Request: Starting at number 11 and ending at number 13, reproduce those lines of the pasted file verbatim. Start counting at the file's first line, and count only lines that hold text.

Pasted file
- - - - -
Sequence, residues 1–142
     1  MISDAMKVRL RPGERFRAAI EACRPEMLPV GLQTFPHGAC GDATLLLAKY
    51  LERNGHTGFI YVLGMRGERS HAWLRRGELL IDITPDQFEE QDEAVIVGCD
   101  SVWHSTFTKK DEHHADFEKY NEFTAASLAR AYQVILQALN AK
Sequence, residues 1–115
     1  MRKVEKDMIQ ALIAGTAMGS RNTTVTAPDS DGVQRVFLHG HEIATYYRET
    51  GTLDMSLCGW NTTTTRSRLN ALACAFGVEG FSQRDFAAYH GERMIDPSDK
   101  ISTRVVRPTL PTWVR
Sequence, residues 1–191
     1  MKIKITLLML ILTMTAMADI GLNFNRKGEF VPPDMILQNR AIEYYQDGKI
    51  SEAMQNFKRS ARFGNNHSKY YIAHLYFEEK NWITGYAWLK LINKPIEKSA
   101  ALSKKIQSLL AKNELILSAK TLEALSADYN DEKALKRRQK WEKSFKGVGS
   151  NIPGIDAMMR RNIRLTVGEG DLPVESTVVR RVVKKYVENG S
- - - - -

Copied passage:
    51  SEAMQNFKRS ARFGNNHSKY YIAHLYFEEK NWITGYAWLK LINKPIEKSA
   101  ALSKKIQSLL AKNELILSAK TLEALSADYN DEKALKRRQK WEKSFKGVGS
   151  NIPGIDAMMR RNIRLTVGEG DLPVESTVVR RVVKKYVENG S